Scientific article
Open access

Performing race and gender: the exoticization of Josephine Baker and Anna May Wong

Published inGender, place and culture, vol. 22, no. 5, p. 626-643
Publication date2015

Josephine Baker and Anna May Wong are two exceptions to white hegemony in early show business. They became the first Afro-American and Chinese-American stars in the 1920s, and reached international stardom in spite of their ethnicity but also because of it. Their careers and success were based on their exoticization. Baker and Wong's exoticism has much to do with ethnicity, but also with sex and gender. Their exotic dances on stage or on screen can be considered to be forms of erotic shows. This article shows how sex, gender and race are entangled in their movies and burlesque shows. It also discusses the ways in which the agency and the audience of the performer should be taken into account and analyzes how these performances were both rooted in Western imaginative geographies as well as connected to symbolic and material spaces.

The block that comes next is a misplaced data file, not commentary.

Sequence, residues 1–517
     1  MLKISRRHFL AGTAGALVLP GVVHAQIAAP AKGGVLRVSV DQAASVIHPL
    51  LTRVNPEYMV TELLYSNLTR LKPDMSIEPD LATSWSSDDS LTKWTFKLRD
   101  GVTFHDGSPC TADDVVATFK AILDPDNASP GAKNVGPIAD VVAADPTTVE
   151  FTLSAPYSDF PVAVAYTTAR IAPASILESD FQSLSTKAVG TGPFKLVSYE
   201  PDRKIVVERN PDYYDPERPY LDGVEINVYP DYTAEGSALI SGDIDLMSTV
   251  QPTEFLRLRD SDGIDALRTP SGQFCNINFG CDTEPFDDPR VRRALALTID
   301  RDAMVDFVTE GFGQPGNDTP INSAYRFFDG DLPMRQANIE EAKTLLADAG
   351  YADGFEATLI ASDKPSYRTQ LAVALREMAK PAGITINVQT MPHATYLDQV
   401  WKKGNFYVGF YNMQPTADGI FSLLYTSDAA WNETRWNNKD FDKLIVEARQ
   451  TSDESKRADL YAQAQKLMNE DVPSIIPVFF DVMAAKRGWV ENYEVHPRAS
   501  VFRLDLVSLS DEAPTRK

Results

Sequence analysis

Citation (ISO format)
STASZAK, Jean-François. Performing race and gender: the exoticization of Josephine Baker and Anna May Wong. In: Gender, place and culture, 2015, vol. 22, n° 5, p. 626–643. doi: 10.1080/0966369X.2014.885885
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Article (Accepted version)
ISSN of the journal0966-369X

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